The debate over debates heats up in the 2022 midterms Debates are a tradition in American politics. But in this year's midterms, there are fewer events where candidates share a stage.

This midterm season, the role of the debate has changed

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STEVE INSKEEP, HOST:

We're at the start of fall, which means crunching leaves and cozy sweaters and pumpkin spice and people who hate pumpkin spice. And in an election year, it also means debate season, which is a little different this year. NPR's Don Gonyea reports on the debate over debates.

DON GONYEA, BYLINE: The idea that candidates for office will engage in public debate is deeply ingrained in this country's history. In the legendary Lincoln-Douglas debates of 1858, a U.S. Senate seat was at stake. Lincoln lost that race. The modern era of political debates began a century later. It was the 1960 presidential campaign, this time with TV cameras.

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UNIDENTIFIED PERSON: The candidates need no introduction - the Republican candidate, Vice President Richard M. Nixon, and the Democratic candidate, Senator John F. Kennedy.

GONYEA: In the decades to follow, the idea took hold that candidates for federal and statewide offices were expected to debate. To not do so would hurt a campaign.

DAVID YEPSEN: Well, I think American politics has changed. Campaigns have changed. And with that, the role of debates has changed.

GONYEA: That's David Yepsen. He's a political analyst and longtime Iowa-based journalist. Yepsen has moderated debates on the presidential level and for local offices. These days, he says campaigns often see more risk than reward in debating.

YEPSEN: For many candidates, there is just no upside to this, or there's very little upside and not worth the risk of making a mistake, of having that magnified then for several days afterwards on social media.

GONYEA: Examples of embarrassing debate missteps abound. Sometimes it's just a momentary brain freeze, like when 2012 GOP presidential hopeful Rick Perry simply tried to list the three Cabinet departments he'd eliminate if elected.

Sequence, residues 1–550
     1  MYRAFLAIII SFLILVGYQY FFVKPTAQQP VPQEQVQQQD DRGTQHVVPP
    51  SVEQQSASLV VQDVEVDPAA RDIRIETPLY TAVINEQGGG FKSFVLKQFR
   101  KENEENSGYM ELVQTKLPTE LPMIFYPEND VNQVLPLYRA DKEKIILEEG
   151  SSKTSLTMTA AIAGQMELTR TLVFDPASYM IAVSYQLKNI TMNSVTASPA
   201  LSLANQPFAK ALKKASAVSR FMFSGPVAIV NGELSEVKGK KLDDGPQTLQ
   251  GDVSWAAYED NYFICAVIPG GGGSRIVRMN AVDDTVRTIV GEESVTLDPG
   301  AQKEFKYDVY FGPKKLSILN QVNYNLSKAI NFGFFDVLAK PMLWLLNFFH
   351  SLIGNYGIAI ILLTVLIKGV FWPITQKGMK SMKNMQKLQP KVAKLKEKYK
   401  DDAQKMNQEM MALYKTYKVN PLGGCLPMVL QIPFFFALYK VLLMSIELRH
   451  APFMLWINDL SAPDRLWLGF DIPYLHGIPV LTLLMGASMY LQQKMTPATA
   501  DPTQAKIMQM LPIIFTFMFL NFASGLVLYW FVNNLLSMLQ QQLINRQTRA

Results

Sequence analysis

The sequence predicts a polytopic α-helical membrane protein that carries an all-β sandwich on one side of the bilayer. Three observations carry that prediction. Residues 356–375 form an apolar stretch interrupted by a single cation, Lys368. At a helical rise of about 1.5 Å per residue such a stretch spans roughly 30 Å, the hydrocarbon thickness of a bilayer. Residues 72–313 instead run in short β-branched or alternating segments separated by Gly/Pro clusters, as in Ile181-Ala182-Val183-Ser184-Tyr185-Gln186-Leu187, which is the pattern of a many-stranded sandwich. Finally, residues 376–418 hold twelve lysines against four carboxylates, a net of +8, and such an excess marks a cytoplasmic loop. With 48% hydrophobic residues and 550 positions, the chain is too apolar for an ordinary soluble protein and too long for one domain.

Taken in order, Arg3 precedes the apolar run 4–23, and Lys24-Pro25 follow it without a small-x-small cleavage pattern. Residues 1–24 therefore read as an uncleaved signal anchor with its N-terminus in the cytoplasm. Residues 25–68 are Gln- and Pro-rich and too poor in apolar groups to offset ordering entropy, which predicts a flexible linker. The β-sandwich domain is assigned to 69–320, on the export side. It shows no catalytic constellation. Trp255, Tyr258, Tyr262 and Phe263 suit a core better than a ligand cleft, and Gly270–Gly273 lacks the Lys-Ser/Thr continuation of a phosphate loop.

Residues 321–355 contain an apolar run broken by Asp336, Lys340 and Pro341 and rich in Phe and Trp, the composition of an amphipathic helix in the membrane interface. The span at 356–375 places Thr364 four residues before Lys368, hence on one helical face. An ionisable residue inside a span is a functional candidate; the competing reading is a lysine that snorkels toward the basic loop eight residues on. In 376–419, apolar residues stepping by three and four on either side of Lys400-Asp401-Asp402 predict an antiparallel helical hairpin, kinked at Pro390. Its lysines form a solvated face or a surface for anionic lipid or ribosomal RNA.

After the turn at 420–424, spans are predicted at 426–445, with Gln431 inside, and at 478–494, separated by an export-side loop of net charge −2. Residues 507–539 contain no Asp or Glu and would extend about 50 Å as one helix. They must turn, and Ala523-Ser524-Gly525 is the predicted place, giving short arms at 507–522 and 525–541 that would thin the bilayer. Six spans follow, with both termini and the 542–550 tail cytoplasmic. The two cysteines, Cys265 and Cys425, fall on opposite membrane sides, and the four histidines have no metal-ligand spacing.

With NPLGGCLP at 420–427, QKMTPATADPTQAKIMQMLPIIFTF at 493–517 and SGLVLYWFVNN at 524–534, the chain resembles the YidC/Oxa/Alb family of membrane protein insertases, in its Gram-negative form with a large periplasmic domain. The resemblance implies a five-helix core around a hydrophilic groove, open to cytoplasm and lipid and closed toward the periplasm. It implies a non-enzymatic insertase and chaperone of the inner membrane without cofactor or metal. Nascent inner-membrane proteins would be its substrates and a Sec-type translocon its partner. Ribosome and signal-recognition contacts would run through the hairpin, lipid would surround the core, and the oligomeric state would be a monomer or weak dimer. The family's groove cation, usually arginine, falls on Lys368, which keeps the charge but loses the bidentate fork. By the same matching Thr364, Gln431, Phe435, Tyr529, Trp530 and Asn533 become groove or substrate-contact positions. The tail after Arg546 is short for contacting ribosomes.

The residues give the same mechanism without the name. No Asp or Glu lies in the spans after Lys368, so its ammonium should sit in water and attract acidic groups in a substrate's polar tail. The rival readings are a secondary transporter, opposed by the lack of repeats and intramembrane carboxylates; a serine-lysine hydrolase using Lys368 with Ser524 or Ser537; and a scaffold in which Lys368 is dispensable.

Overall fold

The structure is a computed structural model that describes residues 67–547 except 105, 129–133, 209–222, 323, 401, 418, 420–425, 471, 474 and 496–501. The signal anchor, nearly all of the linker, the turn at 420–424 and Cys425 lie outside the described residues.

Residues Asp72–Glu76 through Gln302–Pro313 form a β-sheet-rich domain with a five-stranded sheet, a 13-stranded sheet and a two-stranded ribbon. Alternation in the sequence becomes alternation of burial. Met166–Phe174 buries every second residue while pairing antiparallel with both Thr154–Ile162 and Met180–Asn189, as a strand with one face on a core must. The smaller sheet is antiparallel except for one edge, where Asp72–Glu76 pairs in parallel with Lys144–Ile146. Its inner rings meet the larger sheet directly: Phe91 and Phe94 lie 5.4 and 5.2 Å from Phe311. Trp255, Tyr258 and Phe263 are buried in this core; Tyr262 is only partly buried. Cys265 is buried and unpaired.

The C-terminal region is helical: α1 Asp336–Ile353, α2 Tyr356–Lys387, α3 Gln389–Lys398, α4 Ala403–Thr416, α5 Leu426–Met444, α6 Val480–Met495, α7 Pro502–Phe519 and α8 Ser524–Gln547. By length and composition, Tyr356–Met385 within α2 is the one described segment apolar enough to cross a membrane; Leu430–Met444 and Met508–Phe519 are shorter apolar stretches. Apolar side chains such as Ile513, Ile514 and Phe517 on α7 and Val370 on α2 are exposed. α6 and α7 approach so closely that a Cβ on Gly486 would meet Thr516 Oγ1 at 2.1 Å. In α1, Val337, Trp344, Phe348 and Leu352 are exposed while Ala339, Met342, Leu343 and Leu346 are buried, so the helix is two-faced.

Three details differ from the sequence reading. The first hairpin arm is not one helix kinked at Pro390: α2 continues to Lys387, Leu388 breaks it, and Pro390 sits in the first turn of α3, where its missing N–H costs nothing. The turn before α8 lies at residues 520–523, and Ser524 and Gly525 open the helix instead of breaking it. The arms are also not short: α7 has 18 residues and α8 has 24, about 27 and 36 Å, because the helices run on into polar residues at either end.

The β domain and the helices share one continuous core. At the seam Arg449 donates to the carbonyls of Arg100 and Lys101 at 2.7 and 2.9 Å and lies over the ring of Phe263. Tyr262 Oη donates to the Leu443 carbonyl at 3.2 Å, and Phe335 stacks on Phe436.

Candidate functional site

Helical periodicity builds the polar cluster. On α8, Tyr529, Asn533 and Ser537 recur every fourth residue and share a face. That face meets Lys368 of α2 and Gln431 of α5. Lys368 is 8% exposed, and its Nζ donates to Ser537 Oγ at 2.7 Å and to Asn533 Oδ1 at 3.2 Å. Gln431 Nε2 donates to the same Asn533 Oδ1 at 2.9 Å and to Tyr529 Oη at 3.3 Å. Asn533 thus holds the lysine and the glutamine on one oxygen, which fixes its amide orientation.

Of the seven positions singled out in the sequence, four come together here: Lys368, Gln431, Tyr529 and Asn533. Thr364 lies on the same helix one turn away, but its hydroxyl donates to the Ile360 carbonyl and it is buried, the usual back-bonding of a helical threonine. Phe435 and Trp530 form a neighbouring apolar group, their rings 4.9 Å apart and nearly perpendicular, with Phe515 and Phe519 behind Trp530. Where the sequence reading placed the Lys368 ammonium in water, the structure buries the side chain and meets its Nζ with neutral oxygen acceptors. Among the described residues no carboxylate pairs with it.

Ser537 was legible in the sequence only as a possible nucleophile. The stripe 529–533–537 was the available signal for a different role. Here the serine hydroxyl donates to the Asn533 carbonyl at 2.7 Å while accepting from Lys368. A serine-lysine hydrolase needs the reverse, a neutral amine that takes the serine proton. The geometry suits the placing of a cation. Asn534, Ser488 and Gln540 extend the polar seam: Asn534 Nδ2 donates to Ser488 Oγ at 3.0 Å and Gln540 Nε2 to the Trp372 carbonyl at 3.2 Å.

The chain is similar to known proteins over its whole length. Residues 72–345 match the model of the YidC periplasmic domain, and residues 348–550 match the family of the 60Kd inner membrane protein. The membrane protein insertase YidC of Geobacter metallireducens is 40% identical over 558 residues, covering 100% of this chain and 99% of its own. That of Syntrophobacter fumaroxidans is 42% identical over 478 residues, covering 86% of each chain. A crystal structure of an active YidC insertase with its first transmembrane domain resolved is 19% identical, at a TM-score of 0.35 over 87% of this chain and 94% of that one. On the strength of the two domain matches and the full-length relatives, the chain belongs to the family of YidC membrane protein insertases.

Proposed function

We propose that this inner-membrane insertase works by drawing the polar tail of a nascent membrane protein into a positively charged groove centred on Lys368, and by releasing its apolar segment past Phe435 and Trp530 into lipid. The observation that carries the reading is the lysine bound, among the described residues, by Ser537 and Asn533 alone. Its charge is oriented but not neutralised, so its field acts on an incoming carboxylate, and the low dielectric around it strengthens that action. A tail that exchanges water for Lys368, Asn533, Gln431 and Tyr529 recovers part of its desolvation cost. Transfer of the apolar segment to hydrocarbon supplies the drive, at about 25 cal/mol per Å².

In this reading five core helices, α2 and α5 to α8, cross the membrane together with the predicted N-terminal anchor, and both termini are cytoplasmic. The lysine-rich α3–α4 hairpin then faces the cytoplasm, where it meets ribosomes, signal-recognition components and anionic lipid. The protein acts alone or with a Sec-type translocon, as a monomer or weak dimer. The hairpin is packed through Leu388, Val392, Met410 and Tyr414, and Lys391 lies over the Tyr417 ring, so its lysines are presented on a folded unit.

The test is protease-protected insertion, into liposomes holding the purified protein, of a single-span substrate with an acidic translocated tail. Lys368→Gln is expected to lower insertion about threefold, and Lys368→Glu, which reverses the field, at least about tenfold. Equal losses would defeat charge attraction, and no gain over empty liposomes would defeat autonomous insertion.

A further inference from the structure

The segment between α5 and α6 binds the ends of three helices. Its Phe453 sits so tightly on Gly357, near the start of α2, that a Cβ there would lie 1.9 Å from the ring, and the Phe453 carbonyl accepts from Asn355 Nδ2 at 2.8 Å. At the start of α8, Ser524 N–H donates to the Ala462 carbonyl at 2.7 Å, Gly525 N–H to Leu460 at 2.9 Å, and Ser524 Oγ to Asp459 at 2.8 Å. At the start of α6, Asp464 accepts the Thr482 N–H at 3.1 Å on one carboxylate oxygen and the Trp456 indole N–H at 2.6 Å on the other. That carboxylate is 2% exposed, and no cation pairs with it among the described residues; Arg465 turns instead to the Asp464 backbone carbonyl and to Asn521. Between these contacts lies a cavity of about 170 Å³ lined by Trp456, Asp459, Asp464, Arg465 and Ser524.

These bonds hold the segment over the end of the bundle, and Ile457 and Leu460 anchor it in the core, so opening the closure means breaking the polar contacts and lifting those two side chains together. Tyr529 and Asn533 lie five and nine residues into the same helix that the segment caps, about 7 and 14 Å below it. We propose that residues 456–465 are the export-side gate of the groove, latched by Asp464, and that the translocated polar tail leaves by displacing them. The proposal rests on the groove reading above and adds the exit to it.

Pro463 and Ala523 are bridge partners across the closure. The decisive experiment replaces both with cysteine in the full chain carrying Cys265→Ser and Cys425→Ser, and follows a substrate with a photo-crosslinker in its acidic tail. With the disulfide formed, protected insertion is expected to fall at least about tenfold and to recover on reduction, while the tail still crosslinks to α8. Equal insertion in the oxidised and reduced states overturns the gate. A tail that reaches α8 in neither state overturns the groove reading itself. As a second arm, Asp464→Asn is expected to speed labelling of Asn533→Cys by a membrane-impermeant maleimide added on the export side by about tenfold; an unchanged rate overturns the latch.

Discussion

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RICK PERRY: I would do away with the education, the commerce, and let's see - I can't - the third one, I can't - sorry. Oops.

GONYEA: Perry's campaign never recovered, and his viral moment lives on, on the internet, as one of many cautionary tales to future campaigns. Also, a factor in the shrinking number of debates is that you can't assume your opponent will abide by the rules. Take this moment from 2020 when President Trump constantly interrupted Joe Biden.

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PRESIDENT JOE BIDEN: I'm not going to answer the question because...

DONALD TRUMP: Why wouldn't you answer that question?

BIDEN: Because the question is...

TRUMP: You want to put a lot of...

BIDEN: The question is - the question...

TRUMP: ...New Supreme Court justice, radical left...

BIDEN: Would you shut up, man?

GONYEA: And at a Republican primary debate in Ohio this year, two Senate hopefuls got face to face, shouting at each other, literally bumping chests and using obscenities until the moderator broke it up.

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JOSH MANDEL: Two tours in Iraq - don't tell me I haven't worked.

MIKE GIBBONS: Back off, buddy, or you're going to get...

MANDEL: You back off.

GONYEA: So that's what can happen when candidates do take the stage. But more and more, debates are getting derailed amid pre-debate arguments over the terms. David Yepsen says that's when candidates simply try to run out the clock on potential debates.

YEPSEN: It's a safer political move to do your campaign with paid media, social media and door knockers.

GONYEA: This fall, in state after state, including Georgia, Wisconsin and North Carolina, they'll be just a single Senate debate. Same case in Pennsylvania, where Democrat John Fetterman and Republican Mehmet Oz have gone back and forth over what a debate should look like. Also, there will be no gubernatorial debate in Arizona, where Democrat Katie Hobbs refuses to debate 2020 election denier and GOP nominee Kari Lake, who calls Hobbs spineless. But Democratic strategist Tara McGowan, who now runs a left-leaning digital news site, says Democrat Hobbs is making a mistake. It's important to debate, she says, even when your opponent has extreme positions.

TARA MCGOWAN: We have to give the American people more credit. They can see through lies, especially if they are seeing both sides, if they are watching both candidates respond to the same questions and see that clear contrast.

GONYEA: David Dix, a Philadelphia-based consultant who works with Republicans and Democrats, agrees.

DAVID DIX: Democracy requires an exchange of ideas in a public forum that citizens can digest and then respond to.

GONYEA: But he says campaigns are more likely to respond to something else these days. It's the collection of data and what that tells them about reaching their likely voters.

DIX: Algorithmic data is more important than trying to win or lose a 90-minute debate. That's the direction campaigns are going in this day, and I don't see it coming back or pivoting.

GONYEA: Even though the midterm elections are still almost seven weeks away, arguments over the 2024 presidential debates have already begun, with Republicans threatening not to participate.

Don Gonyea, NPR News, Washington.

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